I was doing some off-the-wall research on the history of Zozobra and Santa Fe Fiesta when I came across a front-page news story by Old Gloomy himself.
In fairness to the newspaper’s current publisher and editor, I note right off the bat that the Zozobra byline appeared in the Aug. 20, 1943, edition of the Santa Fe New Mexican. But maybe no one would mind if the paper’s 1943 staff was only trying to lighten the page amid the weight of World War II news. In fact, the peg for Zozobra’s appears to be wartime rationing and short supplies, in this case whiskey.
Old Man Gloomo, as he is otherwise identified in the story, or maybe it’s a typo, reportedly interviewed a bunch of Santa Fe barkeeps who said that if they had any Fiesta-time hooch at all, they would rather save it for their local customers rather than having it swilled all at once by a bunch of out-of-town gawkers. Texans are not mentioned but they have long been among Santa Fe’s usual suspects.
Distillers were busy making alcohol for the war effort. This is when Caribbean rum gained favor. Whiskey was especially scarce two years into the war but everything apparently was in short supply. Zozobra summed up his Santa Fe survey with this: “The argument most frequently heard is: “Why should I sell out my stock — if I had any stock — to complete strangers in one day or evening when ‘the same stock might keep the regular accounts contended for three-or-four weeks.”’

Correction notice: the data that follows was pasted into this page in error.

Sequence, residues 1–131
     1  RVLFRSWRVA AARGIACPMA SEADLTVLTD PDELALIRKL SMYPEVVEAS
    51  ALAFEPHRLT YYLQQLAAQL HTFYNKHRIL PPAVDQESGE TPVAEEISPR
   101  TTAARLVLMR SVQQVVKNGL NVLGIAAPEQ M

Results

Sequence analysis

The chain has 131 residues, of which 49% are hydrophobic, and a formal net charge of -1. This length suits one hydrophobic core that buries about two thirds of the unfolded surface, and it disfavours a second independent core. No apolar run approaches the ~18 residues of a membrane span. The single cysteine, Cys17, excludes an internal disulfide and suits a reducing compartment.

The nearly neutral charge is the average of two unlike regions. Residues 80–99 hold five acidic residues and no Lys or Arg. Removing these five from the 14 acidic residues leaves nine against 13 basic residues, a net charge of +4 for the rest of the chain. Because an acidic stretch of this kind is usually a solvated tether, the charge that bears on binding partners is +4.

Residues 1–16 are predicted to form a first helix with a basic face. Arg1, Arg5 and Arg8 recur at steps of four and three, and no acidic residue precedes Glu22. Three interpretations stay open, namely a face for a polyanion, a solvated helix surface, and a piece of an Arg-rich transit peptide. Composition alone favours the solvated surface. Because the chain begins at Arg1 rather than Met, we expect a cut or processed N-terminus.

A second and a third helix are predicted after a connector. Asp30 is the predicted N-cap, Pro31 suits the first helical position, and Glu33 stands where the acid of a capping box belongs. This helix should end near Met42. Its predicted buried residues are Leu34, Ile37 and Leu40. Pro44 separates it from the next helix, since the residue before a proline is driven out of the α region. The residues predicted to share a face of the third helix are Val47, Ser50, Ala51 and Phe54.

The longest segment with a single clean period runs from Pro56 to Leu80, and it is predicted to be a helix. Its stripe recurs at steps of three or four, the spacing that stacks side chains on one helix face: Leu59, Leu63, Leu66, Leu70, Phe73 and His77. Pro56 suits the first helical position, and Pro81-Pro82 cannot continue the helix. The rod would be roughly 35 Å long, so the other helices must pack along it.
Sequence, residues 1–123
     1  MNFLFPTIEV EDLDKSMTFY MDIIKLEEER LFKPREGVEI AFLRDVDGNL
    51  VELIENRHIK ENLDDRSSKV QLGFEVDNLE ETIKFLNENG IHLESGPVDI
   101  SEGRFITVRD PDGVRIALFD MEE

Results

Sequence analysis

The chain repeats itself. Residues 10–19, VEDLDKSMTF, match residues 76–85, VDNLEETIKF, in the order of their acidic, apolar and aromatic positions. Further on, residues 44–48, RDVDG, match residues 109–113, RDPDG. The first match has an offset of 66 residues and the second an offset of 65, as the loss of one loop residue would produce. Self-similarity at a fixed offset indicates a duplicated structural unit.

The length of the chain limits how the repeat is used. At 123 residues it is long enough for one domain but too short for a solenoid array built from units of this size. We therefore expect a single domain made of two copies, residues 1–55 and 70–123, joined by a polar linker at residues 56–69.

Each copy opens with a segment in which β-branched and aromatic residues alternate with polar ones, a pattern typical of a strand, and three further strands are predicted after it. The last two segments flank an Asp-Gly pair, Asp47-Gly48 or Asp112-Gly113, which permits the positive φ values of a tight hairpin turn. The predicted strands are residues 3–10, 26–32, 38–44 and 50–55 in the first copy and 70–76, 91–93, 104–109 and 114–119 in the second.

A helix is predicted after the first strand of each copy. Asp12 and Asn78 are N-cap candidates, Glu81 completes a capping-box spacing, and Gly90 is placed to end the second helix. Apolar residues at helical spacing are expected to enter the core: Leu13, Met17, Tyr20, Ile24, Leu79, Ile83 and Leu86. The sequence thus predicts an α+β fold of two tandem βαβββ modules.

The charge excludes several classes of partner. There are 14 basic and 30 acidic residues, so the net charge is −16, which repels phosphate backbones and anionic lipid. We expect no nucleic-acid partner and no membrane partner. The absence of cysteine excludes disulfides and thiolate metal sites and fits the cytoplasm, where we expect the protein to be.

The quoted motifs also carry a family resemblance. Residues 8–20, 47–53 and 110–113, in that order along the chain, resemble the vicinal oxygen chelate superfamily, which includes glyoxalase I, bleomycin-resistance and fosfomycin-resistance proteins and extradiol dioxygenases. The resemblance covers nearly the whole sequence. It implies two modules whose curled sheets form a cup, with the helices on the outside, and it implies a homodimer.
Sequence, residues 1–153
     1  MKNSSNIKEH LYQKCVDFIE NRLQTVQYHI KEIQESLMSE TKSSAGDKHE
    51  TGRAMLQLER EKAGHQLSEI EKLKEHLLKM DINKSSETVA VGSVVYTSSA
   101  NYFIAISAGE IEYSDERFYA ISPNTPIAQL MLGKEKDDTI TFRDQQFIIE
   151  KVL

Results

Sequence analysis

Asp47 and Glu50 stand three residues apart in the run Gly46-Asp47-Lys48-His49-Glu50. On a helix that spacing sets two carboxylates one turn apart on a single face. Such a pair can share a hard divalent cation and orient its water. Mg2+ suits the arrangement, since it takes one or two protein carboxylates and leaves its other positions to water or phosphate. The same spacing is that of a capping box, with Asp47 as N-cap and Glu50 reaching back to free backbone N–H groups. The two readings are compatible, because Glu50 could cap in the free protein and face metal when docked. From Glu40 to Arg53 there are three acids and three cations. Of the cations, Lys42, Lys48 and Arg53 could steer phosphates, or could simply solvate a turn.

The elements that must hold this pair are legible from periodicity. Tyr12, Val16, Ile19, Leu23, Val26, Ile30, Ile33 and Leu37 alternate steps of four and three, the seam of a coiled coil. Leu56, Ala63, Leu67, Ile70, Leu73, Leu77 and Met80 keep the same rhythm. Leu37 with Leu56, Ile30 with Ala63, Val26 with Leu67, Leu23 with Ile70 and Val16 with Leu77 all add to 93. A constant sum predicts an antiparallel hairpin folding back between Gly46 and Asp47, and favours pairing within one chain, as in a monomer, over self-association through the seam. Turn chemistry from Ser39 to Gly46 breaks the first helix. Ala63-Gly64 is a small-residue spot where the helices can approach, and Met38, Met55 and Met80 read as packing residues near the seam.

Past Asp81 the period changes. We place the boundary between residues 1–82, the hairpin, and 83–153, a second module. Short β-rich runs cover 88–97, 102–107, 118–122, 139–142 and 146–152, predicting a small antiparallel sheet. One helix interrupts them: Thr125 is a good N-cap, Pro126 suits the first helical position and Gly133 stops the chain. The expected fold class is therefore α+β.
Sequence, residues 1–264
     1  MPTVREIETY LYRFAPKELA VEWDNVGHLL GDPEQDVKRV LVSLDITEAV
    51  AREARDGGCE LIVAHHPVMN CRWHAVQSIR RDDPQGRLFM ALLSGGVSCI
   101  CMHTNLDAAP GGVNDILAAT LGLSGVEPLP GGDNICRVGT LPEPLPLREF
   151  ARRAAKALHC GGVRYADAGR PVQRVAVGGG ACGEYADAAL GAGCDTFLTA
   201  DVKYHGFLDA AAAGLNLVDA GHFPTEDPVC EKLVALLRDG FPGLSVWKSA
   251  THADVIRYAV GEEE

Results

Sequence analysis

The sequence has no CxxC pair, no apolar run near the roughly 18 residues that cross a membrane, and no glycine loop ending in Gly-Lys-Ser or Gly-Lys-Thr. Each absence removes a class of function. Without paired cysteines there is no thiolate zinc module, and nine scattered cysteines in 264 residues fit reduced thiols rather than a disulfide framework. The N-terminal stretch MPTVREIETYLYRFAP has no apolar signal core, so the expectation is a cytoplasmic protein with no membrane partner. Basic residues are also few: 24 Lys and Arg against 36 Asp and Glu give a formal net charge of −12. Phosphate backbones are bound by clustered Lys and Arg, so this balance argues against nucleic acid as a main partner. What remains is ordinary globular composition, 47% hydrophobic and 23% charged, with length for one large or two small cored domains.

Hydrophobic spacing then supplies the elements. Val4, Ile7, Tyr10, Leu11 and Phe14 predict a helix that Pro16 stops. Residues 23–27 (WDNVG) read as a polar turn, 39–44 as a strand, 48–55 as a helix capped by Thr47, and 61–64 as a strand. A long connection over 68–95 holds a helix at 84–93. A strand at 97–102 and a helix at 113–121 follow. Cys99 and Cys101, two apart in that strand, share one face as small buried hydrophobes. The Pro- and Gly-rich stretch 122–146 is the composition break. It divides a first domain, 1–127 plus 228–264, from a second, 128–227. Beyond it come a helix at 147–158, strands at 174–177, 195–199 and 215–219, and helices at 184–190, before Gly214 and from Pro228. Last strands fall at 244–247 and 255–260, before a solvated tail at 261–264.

Yes, the story said “contended.” I’m not sure if it was a vocabulary problem, another typo or old Zozo had done too much first-hand reporting before deadline.
It seems clear, however, that the barkeeps of 1943 were just as leery of problems caused by huge Fiesta crowds as city leaders were in the mid-1970s when they started talking about breaking things up, separating the crowd-stirring burning of Zozobra from more reverent Fiesta events.
To his credit, Zozobra undertook his public service reporting on the Santa Fe bar and liquor crisis just days before he was thanklessly torched in 1943 at Fort Marcy Park. And his mentor, Will Shuster, was still looking for ways around the whiskey problem if not the immolation of his iconic offspring.
According to Zozobra’s reporting in the New Mexican, Shuster suggested the importation of a bunch of rattlesnakes from Texas so that thirsty Santa Feans could be offered rattlesnake bites at 50 cents a pop. The snakebitten customer would then be rushed to St. Vincent where the sisters hopefully would be charitable and administer the “legendary treatment” of a belt of whiskey. Liquor problem solved. The hell with Zozobra.
Here’s the 1943 Zozobra story, straight up.